Danger: Exploding iPods

July 27, 2009

ipod exploding

Troubling news about iPods that could be a danger to iPod owners. It seems there are a growing number of iPod owners who have found their iPods to spontaneously overheat, explode or burn their skin.

An investigative reporter from KIRO-TV in Seattle had a difficult time getting answers from both Apple, the maker of iPods, and the Consumer Product Safety Commission (CPSC) about these “overheating” iPod instances. According to the story, it took the reporter more than seven months to get a hold of the CPSC documents due to a series of exemptions filed by Apple attorneys. Click here to watch the report and learn more.

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Loan Modification Scams Target Desperate Homeowners

July 23, 2009

With more Americans losing their jobs, there’s no end in sight to foreclosures.  A growing number of homeowners are struggling to make their mortgage payments and that’s bringing scam artists out of the woodwork claiming they want to help.  Beware.   Click here to watch the report and read more.

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Seven Ways To Lower Your Health Insurance Premium

July 23, 2009

by John Newcomer:

Health Insurance Premiums Out of Control

chartEveryone knows health insurance premiums are spiraling out of control. But did you know that even if your employer is paying the premium it still impacts you. Katherine Baicker and Amitabh Chandra from Harvard University published a study that concluded that a 20% increase in health insurance premiums increases the likelihood that employers will lay people off by 2.4 % — the equivalent of 3.5 million workers.

More importantly, for those lucky enough to have a job with benefits, a 20% increase in health insurance premiums resulted in an annual wage reduction of $1,700 per employee. A 10% increase in health insurance premiums results in 2.3% decline in wages.

The bad news is that health insurance premiums have been increasing more than 20% over the past three years, and there appears to be no end in sight to annual premium increases. So, if you think it’s just your employer’s problem, you’re wrong. It is everyone’s problem. Everyone has to work together to lower premiums.

What Can You Do About It?

The following are seven ways to reduce health insurance premiums. Some are for businesses (if you are an employee, remember the cost of health insurance is being directly passed on to you). Others are tips for individuals to reduce the cost of health insurance premiums.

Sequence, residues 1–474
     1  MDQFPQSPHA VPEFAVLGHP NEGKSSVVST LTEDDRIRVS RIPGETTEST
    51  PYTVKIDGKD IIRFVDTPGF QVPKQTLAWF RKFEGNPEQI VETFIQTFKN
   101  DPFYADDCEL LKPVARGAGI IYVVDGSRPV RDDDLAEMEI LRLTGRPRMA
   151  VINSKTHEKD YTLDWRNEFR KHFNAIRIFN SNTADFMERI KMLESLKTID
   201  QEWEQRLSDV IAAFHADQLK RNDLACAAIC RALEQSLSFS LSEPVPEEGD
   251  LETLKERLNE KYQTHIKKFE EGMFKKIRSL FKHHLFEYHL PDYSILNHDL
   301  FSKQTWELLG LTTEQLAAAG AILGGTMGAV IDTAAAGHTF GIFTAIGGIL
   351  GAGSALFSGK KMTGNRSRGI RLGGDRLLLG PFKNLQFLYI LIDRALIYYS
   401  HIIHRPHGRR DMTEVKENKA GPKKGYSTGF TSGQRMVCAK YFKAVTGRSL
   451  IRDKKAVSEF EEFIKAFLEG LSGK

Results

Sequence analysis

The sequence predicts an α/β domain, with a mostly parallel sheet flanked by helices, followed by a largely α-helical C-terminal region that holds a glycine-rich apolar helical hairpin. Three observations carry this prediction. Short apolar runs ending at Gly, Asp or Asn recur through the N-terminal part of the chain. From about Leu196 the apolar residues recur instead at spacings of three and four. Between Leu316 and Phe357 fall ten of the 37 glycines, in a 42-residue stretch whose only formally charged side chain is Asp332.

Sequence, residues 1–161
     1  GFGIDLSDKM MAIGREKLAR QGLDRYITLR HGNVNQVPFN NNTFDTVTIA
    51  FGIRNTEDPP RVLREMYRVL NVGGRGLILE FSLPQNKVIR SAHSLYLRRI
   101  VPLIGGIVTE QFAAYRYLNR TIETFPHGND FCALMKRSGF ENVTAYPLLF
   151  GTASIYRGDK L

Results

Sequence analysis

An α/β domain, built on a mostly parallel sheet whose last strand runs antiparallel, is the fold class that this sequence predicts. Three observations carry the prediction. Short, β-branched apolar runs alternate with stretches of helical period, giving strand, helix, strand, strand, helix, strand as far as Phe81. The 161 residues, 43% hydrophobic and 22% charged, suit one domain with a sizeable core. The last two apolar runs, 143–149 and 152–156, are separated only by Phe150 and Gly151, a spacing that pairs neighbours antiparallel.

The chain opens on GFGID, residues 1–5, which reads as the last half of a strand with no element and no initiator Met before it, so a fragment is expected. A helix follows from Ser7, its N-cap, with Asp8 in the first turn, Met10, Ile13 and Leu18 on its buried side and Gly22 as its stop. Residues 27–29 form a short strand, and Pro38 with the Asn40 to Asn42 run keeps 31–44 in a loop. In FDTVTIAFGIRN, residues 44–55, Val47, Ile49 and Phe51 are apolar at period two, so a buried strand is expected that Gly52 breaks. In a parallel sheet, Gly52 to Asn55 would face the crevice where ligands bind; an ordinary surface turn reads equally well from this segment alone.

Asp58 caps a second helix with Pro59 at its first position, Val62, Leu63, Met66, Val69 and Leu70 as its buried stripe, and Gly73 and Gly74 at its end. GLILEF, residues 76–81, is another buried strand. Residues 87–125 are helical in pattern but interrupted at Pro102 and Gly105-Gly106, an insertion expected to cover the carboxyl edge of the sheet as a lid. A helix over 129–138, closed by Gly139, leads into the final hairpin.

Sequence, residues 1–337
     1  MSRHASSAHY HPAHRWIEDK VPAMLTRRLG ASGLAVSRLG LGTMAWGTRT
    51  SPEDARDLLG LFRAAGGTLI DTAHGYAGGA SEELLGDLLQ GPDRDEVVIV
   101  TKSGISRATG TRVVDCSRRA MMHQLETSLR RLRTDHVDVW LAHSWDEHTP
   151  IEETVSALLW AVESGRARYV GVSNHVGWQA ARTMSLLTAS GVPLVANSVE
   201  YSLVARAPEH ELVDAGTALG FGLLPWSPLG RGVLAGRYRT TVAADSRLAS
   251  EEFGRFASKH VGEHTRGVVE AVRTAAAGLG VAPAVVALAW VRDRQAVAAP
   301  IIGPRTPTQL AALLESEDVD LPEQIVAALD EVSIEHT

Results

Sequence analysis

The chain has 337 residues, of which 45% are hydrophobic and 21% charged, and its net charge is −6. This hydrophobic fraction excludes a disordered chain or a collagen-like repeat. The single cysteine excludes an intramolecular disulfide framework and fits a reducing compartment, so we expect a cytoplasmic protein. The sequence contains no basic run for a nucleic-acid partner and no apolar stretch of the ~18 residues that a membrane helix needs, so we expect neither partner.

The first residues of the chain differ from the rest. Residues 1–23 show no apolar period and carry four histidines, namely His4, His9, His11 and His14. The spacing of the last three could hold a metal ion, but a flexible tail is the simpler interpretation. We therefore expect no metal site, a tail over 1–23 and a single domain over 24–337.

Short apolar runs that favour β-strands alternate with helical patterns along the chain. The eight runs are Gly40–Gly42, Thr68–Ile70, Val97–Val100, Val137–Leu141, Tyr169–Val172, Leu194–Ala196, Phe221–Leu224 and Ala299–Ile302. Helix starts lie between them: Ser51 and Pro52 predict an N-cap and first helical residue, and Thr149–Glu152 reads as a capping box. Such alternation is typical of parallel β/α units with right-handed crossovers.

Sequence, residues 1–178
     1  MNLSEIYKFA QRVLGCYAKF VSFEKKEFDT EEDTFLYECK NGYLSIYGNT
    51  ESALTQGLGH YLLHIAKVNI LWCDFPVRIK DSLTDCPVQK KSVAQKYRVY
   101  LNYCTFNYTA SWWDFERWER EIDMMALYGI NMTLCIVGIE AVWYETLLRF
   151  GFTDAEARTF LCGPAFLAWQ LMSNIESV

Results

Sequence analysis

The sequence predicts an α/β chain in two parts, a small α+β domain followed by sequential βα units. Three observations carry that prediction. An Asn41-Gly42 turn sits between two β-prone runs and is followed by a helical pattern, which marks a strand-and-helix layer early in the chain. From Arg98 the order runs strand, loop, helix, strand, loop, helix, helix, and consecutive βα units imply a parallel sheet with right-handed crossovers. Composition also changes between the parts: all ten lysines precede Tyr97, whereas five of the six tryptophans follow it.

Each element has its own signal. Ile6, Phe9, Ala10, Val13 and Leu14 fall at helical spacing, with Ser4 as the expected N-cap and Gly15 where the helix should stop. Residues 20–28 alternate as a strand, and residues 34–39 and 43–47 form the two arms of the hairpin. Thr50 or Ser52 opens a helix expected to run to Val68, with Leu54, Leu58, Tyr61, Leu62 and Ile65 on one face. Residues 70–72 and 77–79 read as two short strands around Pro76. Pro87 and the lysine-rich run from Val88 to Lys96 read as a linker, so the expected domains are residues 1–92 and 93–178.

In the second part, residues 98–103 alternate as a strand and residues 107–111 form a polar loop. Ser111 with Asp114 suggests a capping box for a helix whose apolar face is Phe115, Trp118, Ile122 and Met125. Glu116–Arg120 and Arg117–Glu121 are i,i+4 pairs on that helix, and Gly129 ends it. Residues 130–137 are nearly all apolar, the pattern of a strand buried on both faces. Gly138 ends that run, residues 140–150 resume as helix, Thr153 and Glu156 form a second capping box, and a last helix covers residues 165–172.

1. Raise Deductibles. Yes, this shifts more cost to the employee, but it can dramatically reduce premiums. Typically, the employer will also institute a health savings account to off- set the increased deductible. This can result in savings for both the employer and the employee.
  2. Change Co-pays. This is how much you pay after your deductible has been met. A common ratio is 80/20 in which the insurance company pays 80% and you pay 20%.  It’s just like raising the deductible means a lower premium, but it does shift more risk to you if something happens.
  3. Shop Around. Each time your health insurance is up for renewal look around for better deals. Chances are you can find a better deal.
  4. Start a Wellness Program. A wellness program can reduce health insurance claims. If employees are healthier and getting sick less often, a business owner can negotiate lower premiums. Wellness programs also have an additional benefit of reducing absenteeism and employee turnover, while boosting morale and productivity.
  5. Cut-out dangerous hobbies. Hobbies such as sky diving or scuba diving are considered dangerous. Any hobby that poses a significant risk of injury will necessarily increase your premiums. A dangerous hobby is not a pre-existing condition. If you truly want to lower health insurance premiums you may have to alter your lifestyle.
  6. Get Healthy. This means stop smoking, eat healthy, go on a diet, and exercise. Insurance companies do not like to insure smokers or obese people. If you maintain a healthy lifestyle not only will you feel better, but you will pay less for your health insurance.
  7. Clean Up Your Driving Record. You may not realize this, but your driving record is taken into consideration when health insurance companies determine your insurance rate.

Goal:  Most Affordable Plan

When lowering your health insurance premium keep in mind that you do not want to be foolish. You need to have health insurance that meets your needs.  The goal is not the lowest premium, but the most affordable plan that protects you and your family.  High deductibles and less favorable co-pays lower premiums, but can come back to haunt you if you think you are at risk for serious injury or illness.  Remember almost any serious encounter with the health care industry can bankrupt most middle class families if they are not adequately insured.

One final tip, never cancel any current health insurance policy until you have a new one. Strange things have and will happen even if you are uninsured just for one day.

Psst…. The FDA Has A Secret

July 17, 2009

By Nicole Andriso:

side effectsEach year, pharmaceutical companies spend millions of dollars showing us how their drugs will make us feel better and take away our pain. While we’re all looking for the one drug that will change our life, we also know it probably has side effects. We expect that pharmaceutical companies are telling us everything we need to know about those side effects to help us make educated health decisions, but what if they’re keeping something from us?

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Hidden Fees – How We’re Being Nickled & Dimed

July 16, 2009